Summer flick brings laughs, emotion way way back

by David Dixon

Courtesy of Claire Folger/TwentiethCenturyFox/MCT

Charlie Chaplin’s legendary silent film “The Kid” began with the opening words, “A comedy with a smile – and perhaps a tear.” That classic line is a perfect way to describe the refreshing coming-of-age story “The Way Way Back.”

Duncan (Liam James) is a shy 14-year-old boy who is forced to go on a summer trip with his mom, Pam (Toni Collette), to a nicely furnished beach house in East Wareham, Mass. The problem is that they are staying with Pam’s jerk of a boyfriend, Trent (Steve Carell), who treats Duncan like dirt. One random afternoon, Duncan befriends Owen (Sam Rockwell), a laid-back manager of the water park Water Wizz. Duncan soon gets a job at the park and loves the environment so much that it becomes his home away from home.

The key to the success of “The Way Way Back” is the funny duo, Nat Faxon and Jim Rash. The Oscar winners not only wrote the script, but directed the picture and even co-starred as two employees at Water Wizz. What is remarkable is how masterfully they use different styles of humor throughout Duncan’s journey.

Outside of Water Wizz, the laughs are generally low-key and have the same authentic vibe that was displayed in Faxon and Rash’s script of “The Descendants.” The exception to the rule is Allison Janney’s hysterical performance as Trent’s neighbor, Betty. She has so many well-timed one-liners that it might take several viewings to catch all her jokes.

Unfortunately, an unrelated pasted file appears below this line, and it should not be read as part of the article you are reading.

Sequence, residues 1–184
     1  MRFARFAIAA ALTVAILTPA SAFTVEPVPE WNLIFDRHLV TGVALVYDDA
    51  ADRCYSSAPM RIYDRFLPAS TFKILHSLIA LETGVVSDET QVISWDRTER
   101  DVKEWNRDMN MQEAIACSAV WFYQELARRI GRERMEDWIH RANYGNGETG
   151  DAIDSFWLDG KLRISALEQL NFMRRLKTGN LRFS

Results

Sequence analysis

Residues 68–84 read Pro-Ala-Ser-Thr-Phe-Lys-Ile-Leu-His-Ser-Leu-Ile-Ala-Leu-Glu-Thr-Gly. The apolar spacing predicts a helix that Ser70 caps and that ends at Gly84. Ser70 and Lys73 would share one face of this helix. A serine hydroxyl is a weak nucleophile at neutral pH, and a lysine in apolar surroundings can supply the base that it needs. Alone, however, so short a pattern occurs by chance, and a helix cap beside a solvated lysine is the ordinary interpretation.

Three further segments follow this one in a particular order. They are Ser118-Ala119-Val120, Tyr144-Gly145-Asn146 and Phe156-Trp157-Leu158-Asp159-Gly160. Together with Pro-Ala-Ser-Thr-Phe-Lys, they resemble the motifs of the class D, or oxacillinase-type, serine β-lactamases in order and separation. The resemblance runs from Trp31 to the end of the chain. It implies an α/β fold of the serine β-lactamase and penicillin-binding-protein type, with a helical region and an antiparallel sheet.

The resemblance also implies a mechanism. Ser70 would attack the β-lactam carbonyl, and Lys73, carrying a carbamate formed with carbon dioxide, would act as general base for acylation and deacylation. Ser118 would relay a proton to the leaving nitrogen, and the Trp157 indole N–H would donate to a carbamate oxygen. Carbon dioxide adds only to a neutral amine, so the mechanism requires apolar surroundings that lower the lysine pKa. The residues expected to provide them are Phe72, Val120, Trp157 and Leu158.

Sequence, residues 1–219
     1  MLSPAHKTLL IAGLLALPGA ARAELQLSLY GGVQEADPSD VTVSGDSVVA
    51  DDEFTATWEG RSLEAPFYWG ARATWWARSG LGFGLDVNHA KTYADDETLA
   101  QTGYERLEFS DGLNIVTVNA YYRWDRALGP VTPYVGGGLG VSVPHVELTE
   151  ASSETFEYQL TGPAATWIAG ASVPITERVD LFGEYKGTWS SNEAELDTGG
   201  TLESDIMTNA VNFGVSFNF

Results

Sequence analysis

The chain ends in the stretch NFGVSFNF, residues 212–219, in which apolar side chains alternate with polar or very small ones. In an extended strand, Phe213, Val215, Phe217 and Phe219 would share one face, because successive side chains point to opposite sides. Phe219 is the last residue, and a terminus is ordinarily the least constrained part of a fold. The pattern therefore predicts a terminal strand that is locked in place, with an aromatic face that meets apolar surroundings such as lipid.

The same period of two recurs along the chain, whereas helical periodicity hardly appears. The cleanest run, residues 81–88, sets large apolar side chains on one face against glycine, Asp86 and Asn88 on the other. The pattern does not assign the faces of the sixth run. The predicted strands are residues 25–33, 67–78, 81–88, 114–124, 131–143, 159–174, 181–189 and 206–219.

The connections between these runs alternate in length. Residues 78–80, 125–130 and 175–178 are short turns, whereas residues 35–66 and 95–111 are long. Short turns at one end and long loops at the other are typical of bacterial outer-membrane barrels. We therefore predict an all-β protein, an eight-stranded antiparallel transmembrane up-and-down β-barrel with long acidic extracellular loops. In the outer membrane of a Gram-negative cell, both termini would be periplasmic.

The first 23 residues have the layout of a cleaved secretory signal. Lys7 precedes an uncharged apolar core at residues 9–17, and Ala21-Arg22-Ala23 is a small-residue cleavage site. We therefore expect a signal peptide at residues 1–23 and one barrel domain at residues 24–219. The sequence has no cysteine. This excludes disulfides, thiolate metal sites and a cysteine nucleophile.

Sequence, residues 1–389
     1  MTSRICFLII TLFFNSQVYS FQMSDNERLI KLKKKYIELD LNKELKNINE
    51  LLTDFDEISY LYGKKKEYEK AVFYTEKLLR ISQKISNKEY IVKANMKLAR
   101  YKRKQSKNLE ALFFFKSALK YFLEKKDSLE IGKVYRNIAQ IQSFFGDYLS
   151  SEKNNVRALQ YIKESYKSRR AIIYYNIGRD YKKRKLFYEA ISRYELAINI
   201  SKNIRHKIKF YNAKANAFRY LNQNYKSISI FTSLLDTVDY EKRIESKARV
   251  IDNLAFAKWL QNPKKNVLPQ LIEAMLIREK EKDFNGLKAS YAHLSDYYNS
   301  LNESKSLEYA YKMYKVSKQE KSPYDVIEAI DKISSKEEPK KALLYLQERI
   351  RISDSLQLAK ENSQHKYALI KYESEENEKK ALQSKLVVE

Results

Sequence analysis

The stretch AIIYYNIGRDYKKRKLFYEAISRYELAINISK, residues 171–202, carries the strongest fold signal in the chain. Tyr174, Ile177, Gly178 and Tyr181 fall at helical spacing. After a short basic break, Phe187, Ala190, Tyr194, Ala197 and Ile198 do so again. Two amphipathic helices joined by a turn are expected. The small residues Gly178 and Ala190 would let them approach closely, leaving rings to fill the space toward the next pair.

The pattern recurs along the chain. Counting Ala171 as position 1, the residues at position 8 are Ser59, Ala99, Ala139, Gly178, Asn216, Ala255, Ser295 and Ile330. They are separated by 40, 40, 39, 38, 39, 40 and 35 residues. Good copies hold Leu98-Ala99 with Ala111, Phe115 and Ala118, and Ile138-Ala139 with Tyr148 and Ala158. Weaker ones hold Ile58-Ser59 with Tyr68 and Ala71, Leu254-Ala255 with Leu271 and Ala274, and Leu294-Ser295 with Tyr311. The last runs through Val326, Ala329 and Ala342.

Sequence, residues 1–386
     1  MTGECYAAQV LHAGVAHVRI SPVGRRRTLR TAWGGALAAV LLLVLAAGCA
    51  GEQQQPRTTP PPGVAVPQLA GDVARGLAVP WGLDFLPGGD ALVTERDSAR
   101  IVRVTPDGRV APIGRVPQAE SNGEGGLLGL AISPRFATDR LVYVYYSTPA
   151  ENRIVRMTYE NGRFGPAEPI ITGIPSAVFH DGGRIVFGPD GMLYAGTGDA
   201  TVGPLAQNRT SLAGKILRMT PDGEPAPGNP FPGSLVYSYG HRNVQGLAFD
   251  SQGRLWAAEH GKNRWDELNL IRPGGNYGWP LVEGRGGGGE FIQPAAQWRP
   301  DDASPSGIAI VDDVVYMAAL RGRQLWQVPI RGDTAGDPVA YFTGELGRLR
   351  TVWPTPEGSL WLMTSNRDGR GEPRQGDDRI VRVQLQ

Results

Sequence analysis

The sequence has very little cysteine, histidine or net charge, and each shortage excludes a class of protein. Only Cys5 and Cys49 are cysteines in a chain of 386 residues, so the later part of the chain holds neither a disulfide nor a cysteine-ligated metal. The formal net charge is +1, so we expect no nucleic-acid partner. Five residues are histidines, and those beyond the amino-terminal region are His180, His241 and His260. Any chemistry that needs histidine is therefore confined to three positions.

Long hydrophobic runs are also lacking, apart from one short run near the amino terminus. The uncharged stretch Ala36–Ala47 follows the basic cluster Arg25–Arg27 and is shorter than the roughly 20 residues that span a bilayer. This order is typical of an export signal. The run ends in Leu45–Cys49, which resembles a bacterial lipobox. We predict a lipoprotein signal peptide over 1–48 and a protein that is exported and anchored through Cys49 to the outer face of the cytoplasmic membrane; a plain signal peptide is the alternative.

At Water Wizz, the comicalness is significantly broader. The wit tends to come at a significantly faster pace and there are even some priceless physical sight gags that happen at unexpected moments. The balance between these two contrasting tones is smartly handled and could not have been possible without Faxon and Rash.


A lot of early buzz has been focused on Carell playing the most unsympathetic role of his career to date. It’s a rather gutsy depiction because right off the bat it’s clear that Trent is a pain in the butt, who is disrespectful to Duncan. Trent is the kind of guy who comes across as insincere even when he is trying to be nice.

James is likeable and authentic as the antisocial Duncan. His arc is moving, especially when he begins to develop confidence, which he expresses subtly.

As good as Carrell and James are, Rockwell is simply a force of nature as the fun slacker, Owen. He has the delivery of a great stand-up comedian and says many good-natured memorable quotes.

What makes Rockwell shine even more are some of his final moments with James. His interactions with the young performer are so genuine and powerful your eyes might mist because of these bittersweet encounters.

“The Way Way Back” is an impressive debut for directors Faxon and Rash with a lot of universal appeal. Be sure to check out this beautiful uplifting experience.